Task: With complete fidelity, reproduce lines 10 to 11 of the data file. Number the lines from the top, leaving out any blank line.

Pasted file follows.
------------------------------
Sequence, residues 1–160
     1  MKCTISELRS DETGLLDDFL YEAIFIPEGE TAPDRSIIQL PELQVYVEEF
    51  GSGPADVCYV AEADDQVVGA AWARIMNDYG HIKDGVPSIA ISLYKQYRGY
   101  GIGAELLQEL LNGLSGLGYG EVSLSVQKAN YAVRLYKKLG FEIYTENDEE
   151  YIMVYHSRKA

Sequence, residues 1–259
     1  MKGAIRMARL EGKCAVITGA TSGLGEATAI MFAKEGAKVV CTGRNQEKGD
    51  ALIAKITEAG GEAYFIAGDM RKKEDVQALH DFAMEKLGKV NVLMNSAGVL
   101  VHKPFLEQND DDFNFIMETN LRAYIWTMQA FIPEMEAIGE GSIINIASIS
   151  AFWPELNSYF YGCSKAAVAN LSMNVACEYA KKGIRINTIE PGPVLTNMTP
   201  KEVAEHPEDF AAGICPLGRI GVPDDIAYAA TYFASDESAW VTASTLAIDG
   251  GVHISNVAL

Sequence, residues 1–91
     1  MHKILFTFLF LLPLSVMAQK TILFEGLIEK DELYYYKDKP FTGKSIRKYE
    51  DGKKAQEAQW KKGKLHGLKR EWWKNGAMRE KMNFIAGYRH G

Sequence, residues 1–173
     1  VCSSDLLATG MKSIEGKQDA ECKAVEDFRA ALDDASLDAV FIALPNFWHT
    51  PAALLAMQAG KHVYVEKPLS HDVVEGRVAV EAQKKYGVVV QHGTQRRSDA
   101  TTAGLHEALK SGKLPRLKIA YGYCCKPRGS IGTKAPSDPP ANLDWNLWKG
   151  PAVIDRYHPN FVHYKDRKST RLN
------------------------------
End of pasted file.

   151  AFWPELNSYF YGCSKAAVAN LSMNVACEYA KKGIRINTIE PGPVLTNMTP
   201  KEVAEHPEDF AAGICPLGRI GVPDDIAYAA TYFASDESAW VTASTLAIDG